It’s important to know how much barking you can expect when you get a dog. More specifically, it’s even better to know what you can expect from a certain breed. A German Shepherd may bark for several reasons, and some may bark more than others. However, we can look at the average as reported by many German Shepherd owners. Contemplating whether or not to get this breed, I did a lot of research in anticipation and to set my and my family’s expectations. I’d like to share what I managed to find with you here today.
So, do German Shepherds bark a lot? German Shepherds are known to bark a lot compared to other breeds. This is because they were initially bred for herding and barking was one way in which they used to align herd flocks. However, they are a highly intelligent breed of dog and barking can be trained out of them. Equally, you can get them to bark on command and to stop when they are already doing so.
There are many reasons why a German Shepherd may bark.
Identifying each cause is perhaps the best way to prevent your dog from barking in the first place, and additionally, to help you implement the most effective solution.
Let us now take a closer look at when this breed is most likely to bark and then some piratical things owners can do to keep their dogs barking in check.
Why Do German Shepherds Bark?
Just like all breeds of dogs, German Shepherds will bark to communicate. It is their way of expressing their emotions and their thoughts.
Consequently, finding out why they feel the need to be heard is essential if you are looking to train them not to.
The good news is, that German Shepherds are known for their intelligence.
Alongside their strong, powerful and active nature, they were initially bred to herd animals and have even been used as guard dogs for many generations.
It comes as no surprise that this breed needed to bark to be effective with such duties.
As barking is one of the primary ways a dog can communicate, you can see why even after becoming domesticated and kept as family pets, they have an instinct to continue with this behavior.
However, there are also other reasons why this breed may bark outside of sheer communication. The most common ones include:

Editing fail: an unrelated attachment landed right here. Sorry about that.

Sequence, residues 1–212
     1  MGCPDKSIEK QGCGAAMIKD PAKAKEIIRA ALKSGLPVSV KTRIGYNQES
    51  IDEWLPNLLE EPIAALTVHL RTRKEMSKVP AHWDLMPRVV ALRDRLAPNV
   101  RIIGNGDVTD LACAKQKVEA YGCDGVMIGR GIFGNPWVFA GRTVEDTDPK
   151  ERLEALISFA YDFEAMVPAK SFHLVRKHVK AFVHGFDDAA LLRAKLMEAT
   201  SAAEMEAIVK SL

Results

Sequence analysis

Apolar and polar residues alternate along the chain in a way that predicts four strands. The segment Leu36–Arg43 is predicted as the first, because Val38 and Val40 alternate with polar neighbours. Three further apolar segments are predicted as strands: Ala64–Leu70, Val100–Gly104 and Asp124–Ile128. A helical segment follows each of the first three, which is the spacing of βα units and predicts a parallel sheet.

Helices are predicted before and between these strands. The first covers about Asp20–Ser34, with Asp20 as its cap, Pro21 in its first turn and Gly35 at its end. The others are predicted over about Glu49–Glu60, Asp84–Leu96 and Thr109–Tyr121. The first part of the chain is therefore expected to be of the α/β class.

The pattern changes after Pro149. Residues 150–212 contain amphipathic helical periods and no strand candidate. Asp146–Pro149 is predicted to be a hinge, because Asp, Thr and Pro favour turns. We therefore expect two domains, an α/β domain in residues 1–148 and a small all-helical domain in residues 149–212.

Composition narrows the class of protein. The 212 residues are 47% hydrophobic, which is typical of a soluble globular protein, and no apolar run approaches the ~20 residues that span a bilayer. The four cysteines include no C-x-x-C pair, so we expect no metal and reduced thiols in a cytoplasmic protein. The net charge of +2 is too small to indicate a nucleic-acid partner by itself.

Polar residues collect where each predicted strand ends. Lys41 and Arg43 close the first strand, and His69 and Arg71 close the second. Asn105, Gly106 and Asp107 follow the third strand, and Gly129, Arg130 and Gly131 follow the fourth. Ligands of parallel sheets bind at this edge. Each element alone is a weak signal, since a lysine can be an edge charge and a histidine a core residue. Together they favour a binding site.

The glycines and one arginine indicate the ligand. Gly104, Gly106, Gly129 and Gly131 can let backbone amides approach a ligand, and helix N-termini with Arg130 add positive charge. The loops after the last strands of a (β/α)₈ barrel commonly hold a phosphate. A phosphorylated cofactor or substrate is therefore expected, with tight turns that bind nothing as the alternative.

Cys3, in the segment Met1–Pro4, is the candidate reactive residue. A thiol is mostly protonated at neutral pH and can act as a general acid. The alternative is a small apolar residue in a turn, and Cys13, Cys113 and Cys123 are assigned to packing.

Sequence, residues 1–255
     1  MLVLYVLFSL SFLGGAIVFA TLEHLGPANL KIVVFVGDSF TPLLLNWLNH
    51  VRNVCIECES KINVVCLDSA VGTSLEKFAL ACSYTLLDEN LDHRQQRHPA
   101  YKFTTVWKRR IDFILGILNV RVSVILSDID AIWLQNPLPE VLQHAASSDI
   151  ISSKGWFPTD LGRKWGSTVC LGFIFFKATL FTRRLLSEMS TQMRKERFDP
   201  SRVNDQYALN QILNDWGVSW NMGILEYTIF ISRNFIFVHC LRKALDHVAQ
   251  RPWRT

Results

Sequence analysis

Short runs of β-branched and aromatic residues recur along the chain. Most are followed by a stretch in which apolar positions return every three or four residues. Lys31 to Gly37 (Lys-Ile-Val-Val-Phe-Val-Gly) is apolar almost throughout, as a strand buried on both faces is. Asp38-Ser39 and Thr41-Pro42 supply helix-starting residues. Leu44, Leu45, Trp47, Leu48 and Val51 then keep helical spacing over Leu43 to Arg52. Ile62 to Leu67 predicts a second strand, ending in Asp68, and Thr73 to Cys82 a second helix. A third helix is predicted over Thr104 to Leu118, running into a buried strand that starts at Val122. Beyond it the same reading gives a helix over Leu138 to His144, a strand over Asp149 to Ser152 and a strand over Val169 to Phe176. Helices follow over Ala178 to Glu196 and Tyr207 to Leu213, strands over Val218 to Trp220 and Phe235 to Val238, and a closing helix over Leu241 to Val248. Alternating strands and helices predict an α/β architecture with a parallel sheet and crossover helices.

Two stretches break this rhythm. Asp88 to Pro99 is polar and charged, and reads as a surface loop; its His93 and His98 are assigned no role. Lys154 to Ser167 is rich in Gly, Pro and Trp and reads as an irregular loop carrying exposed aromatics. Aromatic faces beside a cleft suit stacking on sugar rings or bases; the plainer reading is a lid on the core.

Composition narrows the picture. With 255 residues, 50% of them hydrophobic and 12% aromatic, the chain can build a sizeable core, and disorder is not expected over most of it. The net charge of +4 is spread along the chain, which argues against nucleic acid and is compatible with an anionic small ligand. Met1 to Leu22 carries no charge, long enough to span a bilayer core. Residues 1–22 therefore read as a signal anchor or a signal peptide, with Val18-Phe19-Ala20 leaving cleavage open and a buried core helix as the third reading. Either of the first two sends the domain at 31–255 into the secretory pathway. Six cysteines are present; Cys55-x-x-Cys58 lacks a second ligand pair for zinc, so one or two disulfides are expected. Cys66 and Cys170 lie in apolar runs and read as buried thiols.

To Be Friendly
This may come as a surprise, but dogs bark to express how they feel and their emotions. Regardless of whether these are positive or negative.
German Shepherds have a loving and energetic temperament, and commonly bark when they see people.
Whether this is with people they are familiar with (such as neighbors, friends, and family) or strangers coming to the door.
If you have not effectively trained your German Shepherd not to bark when people arrive, they are likely to do this.
A friendly bark can often be identified as they tend to partake in other behaviors simultaneously. This includes the wagging of their tail, jumping up, and being generally more active.
On the other end of the scale, German Shepherds are known to bark out of boredom.
As previously mentioned, they are very intelligent dog that requires a lot of mental stimulation to keep them entertained.
Physically, they need a minimum of 1 hour of exercise a day, preferably 2 hours. If they do not get this regularly, your dog is likely to become bored and restless.
With too much energy, and without a way to get rid of some, you will notice that your dog starts to bark. Sometimes, they even do this as a way to suggest that they want to go outside or even go for a walk!
Regarding being mentally stimulated, the most common reason for this is that they are left alone for too long – with nothing to do to pass the time.
Equally, if they are left alone they are likely to suffer from what is known as separation anxiety. They are loyal dogs that bond closely with their owners.
If you are aware, they are likely to bark out for you and your attention or partake in other behavioral issues.
With this in mind, you should look to keep your dog’s brain active throughout the day.
This high selling dog toy from Amazon is an excellent way of doing so, even when you need to leave the house.
And it rewards them for playing with it by working out how to dispense a treat.
From there, be sure that you never leave your dog for too long on its own.
If you have to, invite trusted neighbors, friends, or family over to let your dog outside, give them some attention and a period of play before you return.
German Shepherds are very social dogs. They are known to be very loyal – protecting their owners if the situation were to arise.